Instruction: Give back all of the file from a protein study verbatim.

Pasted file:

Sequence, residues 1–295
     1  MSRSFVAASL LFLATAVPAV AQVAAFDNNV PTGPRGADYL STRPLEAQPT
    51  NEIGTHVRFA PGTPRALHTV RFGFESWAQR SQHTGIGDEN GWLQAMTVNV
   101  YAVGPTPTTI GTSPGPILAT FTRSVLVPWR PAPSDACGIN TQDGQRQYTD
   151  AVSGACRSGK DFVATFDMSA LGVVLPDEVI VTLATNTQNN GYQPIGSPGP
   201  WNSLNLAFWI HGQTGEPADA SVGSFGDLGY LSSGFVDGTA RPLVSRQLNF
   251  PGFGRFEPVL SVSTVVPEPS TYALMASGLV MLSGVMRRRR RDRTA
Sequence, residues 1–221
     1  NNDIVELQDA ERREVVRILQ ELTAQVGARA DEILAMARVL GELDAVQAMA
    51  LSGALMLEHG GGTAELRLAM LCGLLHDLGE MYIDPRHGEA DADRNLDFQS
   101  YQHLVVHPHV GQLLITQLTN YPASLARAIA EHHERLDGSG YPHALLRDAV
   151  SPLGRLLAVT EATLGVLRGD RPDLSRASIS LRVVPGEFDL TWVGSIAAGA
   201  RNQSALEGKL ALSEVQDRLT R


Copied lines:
Sequence, residues 1–295
     1  MSRSFVAASL LFLATAVPAV AQVAAFDNNV PTGPRGADYL STRPLEAQPT
    51  NEIGTHVRFA PGTPRALHTV RFGFESWAQR SQHTGIGDEN GWLQAMTVNV
   101  YAVGPTPTTI GTSPGPILAT FTRSVLVPWR PAPSDACGIN TQDGQRQYTD
   151  AVSGACRSGK DFVATFDMSA LGVVLPDEVI VTLATNTQNN GYQPIGSPGP
   201  WNSLNLAFWI HGQTGEPADA SVGSFGDLGY LSSGFVDGTA RPLVSRQLNF
   251  PGFGRFEPVL SVSTVVPEPS TYALMASGLV MLSGVMRRRR RDRTA
Sequence, residues 1–221
     1  NNDIVELQDA ERREVVRILQ ELTAQVGARA DEILAMARVL GELDAVQAMA
    51  LSGALMLEHG GGTAELRLAM LCGLLHDLGE MYIDPRHGEA DADRNLDFQS
   101  YQHLVVHPHV GQLLITQLTN YPASLARAIA EHHERLDGSG YPHALLRDAV
   151  SPLGRLLAVT EATLGVLRGD RPDLSRASIS LRVVPGEFDL TWVGSIAAGA
   201  RNQSALEGKL ALSEVQDRLT R